Inside the shell of a two-story rowhouse being renovated in west Wilmington, a worker drills holes in the flooring base to make way for plumbing lines.
There’s a long way to go but the rooms are framed, the stairs built and sometime this year, the building will open as a comprehensive drop-in center for young adults experiencing homelessness.
Stacy Shamburger of West End Neighborhood House will oversee what she says is shaping up as a unique “state-of-the-art” facility for young adults who the group calls “housing insecure, if they are not stable in a family unit or connected to their community.”
“They’re able to come and receive support,’’ Shamburger told WHYY News this week. “If they’re needing food, if they need a shower, if they need to do laundry, if they need to have an address for mail, we can use all of our facility to be able to provide those types of services.”
The drop-in center will be a nexus for an expanding housing and service initiative of West End Neighborhood House, a social service center that serves as an anchor for the moderate- to low- income neighborhood.
West End’s Lifeline program currently has 23 clients who aged out of the foster care system living in its fully furnished homes. The aim is to help them learn how to live independently and be integrated into the neighborhood, which also includes St. Francis Hospital and St. Anthony’s church and elementary school.
Homes for another 10 people, including those with disabilities and in the LGBTQ community, are currently being built or renovated.
Shamburger walked a reporter around the neighborhood this week to show off some the coming and current homes, and explain how West End provides services to this vulnerable population.
The rent gets paid through government subsidies, as well as money that clients get by working or through public assistance payments.
Shamburger stops at a one-story brick building under construction, pointing out that it will be compliant with the American Disabilities Act.
“So we are completely outfitting it so that we can make sure that we can house any youth, if they’re deaf or blind of non-ambulatory. It’s completely wheelchair accessible,” she said.
Asked if that’s a need for young adults experiencing homelessness, Shamburger doesn’t hesitate.
“Absolutely,’’ she says. “We have a few that are in wheelchairs and then we have some that are in braces and there’s one that lives with us now.”
Next door a three-bedroom unit is being built. She doesn’t know who will live there yet but said three of the 10 new units will be reserved for LGBTQ clients who have aged out of the foster care system or become alienated from their families.
“A lot of them, if they are homeless it’s because their families don’t accept them. Their communities, or churches, whomever,’’ she said. “So they end up out on the streets. And a lot of times they are very hard to account for.”
‘We are a family unit for them’
She turns up the street to a block of two-story homes with clean brick and porches, saying five more of LIfeline’s three-bedroom homes are there. Another one being renovated for clients has been staffed until now by Lifeline employees. They will soon move around the block to the new drop-in center.
No clients were available for interviews when WHYY visited, though one woman walked out her door and waved hello while we were on a nearby porch. Shamburger said some were working that day and others have mental health and/or substance abuse issues and were not prepared to discuss their situations. “It’s not fair to them,” she said.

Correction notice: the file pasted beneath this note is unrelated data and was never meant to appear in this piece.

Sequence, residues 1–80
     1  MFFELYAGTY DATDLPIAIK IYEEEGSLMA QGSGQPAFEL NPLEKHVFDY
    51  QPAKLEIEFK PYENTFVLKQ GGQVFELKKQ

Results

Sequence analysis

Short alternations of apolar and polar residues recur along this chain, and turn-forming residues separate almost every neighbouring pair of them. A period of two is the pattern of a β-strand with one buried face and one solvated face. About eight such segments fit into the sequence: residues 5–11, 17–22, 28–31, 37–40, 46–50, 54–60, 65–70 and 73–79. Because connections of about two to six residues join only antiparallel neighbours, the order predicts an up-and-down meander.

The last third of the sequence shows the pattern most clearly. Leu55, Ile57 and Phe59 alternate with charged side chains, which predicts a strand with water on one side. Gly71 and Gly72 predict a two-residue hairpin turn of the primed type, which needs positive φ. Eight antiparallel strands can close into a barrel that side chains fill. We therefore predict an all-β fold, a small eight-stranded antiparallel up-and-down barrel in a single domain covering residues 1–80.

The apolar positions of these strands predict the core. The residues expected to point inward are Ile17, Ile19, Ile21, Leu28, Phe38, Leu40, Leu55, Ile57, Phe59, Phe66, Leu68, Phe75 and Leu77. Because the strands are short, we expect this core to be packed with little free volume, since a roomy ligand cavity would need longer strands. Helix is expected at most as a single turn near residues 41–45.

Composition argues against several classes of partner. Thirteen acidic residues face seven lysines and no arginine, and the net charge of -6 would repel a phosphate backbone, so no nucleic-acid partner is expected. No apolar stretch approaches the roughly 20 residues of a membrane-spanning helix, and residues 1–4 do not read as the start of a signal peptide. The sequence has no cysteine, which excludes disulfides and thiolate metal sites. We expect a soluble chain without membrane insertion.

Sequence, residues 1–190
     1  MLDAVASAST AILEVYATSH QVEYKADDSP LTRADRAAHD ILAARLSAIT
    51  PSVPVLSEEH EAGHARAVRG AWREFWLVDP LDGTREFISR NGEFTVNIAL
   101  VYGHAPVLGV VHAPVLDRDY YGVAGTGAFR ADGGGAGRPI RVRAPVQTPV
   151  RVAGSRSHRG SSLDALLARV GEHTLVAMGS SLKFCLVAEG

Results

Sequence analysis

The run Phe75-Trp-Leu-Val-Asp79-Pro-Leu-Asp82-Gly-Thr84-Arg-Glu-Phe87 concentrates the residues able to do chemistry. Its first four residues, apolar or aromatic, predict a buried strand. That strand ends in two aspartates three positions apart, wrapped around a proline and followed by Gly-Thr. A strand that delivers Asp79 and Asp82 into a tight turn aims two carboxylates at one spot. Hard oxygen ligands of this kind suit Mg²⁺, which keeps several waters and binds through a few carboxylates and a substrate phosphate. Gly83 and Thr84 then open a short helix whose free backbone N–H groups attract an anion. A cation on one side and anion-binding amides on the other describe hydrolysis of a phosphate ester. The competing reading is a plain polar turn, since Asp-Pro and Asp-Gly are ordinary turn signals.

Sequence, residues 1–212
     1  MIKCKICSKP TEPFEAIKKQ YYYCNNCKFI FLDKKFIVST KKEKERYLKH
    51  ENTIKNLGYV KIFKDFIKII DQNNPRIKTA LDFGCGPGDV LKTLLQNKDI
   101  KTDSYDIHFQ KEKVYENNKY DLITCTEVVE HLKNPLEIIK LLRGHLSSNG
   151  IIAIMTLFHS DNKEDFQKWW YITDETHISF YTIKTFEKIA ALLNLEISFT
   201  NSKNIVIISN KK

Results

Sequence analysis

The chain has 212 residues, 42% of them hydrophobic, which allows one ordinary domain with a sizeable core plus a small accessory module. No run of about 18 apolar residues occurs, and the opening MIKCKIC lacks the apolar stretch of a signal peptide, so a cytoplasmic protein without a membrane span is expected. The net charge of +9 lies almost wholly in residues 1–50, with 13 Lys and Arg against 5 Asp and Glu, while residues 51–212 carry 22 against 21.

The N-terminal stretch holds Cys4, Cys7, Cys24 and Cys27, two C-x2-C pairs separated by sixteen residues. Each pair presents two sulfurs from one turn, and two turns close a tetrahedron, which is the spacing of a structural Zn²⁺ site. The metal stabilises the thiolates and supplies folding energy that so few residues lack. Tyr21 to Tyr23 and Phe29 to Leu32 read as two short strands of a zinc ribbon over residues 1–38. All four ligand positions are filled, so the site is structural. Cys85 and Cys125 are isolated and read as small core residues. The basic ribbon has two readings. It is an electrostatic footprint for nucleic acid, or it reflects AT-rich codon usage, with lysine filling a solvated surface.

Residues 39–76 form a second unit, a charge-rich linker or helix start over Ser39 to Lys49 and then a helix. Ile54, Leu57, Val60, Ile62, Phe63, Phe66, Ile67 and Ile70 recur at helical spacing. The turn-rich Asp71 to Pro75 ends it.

Standing inside the home being renovated, she touts its amenities, including washers and dryers so clients don’t have to go to a laundromat, and dishes, silverware and other kitchen supplies and utensils.
“Everything is set up for them,’’ she said. “We provide all the bedding, anything that you would need.”
It’s not just shelter and supplies that Lifeline provides for these young adults who have already faced significant hurdles as children. Shamburger’s team helps them develop life skills.
“They generally will age out of foster care with a book bag full of their stuff or a trash bag,’’ she said. There are up to 300 such children a year, and the state provides them with life services programming through contractors like Lifeline.
“So this gives them stability,’’ she said. “Outside of the housing aspect of it, we are a family unit for them, if you will. We are constant and consistent and we are here, pretty much staffed more than 16 hours a day, six days a week at this point.
“So we are very accessible. So our youth know that they can come right next door and knock on the door and let us know what they need if they need assistance” with what she calls ADLS — active daily living skills.
“We can take them grocery shopping. We teach them how to make a grocery list. We assist them in preparing a meal,’’ she said.
“How to clean their home and how to properly do laundry and how to take the trash out and how to, you know, do whatever is it that they need to maintain their home.”
Lifeline also offers help with transportation, educational services, counseling, and job training programs, among other services, even getting clients outfitted with the proper attire for a job interview — all with the overarching goal to propel them to sustainable independent living.
“We are pretty much mom, dad, judge or probation officer,” Shamburger said. “We are everything rolled into one.
“We’re trying to make sure that they learn how to be good neighbors, that they give back to their community and that they have the supports and the know-how to do that. There’s no point in kind of isolating people. We want to make sure that all of our youth feel like they are a part of their community and grounded in it.”
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